Botswana’s elephants belong to the subspecies Loxodonta africana – the savannah or bush elephant. African elephants are typically bigger than their Asian relatives, and Loxodonta africana have bigger ears and tusks than Africa’s other subspecies of pachyderm, the forest-dwelling Loxodonta cyclotis. This population is concentrated in two riverine areas of Botswana’s northern reaches – the Okavango Delta and, especially, Chobe National Park. This latter location is believed to support up to 50,000 elephants – with many staying close to the Chobe River for several months of the year. In contrast, the annual ebb and flow of the Okavango Delta results in a population scattered over a wider and somewhat-less-predictable area.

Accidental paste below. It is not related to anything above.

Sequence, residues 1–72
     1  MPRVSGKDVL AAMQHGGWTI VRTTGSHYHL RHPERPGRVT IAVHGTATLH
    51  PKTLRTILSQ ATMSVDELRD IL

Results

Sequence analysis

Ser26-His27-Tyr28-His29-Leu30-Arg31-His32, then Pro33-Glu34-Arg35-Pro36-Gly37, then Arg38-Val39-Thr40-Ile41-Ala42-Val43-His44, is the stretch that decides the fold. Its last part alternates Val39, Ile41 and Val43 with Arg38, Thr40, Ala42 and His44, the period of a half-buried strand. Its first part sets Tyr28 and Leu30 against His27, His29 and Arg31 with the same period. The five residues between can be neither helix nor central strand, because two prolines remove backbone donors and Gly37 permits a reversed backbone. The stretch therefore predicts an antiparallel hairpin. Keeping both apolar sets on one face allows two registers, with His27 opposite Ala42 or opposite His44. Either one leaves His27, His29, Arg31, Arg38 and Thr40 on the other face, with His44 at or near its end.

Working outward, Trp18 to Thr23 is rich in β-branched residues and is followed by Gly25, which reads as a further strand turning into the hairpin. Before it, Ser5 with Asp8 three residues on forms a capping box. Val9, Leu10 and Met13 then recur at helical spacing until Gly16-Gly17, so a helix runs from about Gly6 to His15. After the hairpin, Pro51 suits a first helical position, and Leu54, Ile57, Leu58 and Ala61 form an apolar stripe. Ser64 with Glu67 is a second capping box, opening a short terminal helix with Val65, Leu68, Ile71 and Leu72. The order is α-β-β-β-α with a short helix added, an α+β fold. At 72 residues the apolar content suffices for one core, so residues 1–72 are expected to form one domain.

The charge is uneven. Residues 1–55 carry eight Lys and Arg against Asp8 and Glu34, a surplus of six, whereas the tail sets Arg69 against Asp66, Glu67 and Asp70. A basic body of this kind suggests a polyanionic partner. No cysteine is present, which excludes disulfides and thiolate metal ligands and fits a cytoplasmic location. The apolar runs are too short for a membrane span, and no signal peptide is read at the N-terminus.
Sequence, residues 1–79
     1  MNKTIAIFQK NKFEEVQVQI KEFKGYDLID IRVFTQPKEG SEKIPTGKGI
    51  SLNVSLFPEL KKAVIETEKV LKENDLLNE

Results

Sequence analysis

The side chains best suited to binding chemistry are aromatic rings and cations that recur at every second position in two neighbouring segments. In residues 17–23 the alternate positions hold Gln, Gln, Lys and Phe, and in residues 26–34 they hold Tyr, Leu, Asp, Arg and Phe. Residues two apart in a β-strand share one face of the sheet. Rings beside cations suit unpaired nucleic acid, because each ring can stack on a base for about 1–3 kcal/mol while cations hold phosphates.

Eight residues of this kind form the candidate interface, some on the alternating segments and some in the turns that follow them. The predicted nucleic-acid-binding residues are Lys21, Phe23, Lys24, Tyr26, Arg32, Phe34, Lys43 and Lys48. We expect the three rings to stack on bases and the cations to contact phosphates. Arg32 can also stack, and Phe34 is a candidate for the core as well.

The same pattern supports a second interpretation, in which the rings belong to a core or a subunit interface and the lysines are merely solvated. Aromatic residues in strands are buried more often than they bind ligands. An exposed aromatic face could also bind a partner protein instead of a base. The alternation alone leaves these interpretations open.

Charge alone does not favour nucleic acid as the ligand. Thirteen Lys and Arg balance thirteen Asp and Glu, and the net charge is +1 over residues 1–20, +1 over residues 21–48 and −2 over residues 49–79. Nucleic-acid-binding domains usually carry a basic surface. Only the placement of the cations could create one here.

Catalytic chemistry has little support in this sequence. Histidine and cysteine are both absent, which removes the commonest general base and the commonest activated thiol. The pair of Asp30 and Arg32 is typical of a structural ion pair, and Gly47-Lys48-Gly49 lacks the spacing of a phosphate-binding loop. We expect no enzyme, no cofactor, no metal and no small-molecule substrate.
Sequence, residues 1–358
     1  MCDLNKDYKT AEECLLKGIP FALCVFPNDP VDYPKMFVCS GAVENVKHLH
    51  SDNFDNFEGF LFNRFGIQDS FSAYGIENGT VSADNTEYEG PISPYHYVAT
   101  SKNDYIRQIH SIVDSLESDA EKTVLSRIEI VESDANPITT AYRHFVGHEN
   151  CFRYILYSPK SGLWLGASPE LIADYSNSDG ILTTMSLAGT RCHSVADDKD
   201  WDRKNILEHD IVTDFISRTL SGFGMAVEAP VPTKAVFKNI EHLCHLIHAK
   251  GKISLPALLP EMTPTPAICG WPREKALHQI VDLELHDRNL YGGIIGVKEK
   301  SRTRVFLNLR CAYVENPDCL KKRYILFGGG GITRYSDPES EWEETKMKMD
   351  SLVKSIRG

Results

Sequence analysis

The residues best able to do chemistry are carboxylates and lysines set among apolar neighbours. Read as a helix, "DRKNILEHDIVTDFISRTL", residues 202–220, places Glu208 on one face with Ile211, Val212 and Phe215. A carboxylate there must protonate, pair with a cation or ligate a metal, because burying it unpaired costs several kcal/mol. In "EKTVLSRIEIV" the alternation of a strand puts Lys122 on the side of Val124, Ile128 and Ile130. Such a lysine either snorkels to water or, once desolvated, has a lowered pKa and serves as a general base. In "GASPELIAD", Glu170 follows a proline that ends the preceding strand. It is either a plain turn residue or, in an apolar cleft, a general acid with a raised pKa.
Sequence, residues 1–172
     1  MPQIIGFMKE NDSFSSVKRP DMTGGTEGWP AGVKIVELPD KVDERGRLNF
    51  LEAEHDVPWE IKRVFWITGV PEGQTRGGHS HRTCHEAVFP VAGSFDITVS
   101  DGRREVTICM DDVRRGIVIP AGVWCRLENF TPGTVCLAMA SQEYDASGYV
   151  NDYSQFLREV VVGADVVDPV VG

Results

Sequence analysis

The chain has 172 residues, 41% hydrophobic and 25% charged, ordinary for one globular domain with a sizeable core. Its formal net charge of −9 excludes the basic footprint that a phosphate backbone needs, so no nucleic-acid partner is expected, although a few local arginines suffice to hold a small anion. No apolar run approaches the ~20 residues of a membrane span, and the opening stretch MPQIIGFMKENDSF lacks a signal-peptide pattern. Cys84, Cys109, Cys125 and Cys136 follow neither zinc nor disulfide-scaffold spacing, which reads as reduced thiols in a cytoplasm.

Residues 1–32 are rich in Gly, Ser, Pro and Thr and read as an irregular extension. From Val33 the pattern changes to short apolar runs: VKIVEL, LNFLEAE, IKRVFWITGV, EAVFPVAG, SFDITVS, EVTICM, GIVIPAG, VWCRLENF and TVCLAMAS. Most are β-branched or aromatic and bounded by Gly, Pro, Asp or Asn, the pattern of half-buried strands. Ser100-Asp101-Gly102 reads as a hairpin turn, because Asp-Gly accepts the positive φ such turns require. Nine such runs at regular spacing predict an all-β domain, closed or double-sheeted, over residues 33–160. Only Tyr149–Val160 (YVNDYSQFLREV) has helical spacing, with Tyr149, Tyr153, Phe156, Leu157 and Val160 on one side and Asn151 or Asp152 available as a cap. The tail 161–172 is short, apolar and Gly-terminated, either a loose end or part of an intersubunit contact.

To put this wealth of elephants into continental and recent historical perspective, by 1989 the population of elephants in the whole of Africa was estimated at just 17,000 – having plummeted during the previous decade as a result of widespread poaching. Alarmingly, after a period of relative stability, Tanzania and Kenya have once again started to struggle to control ivory poaching within their borders – and world leaders are paying the situation renewed attention.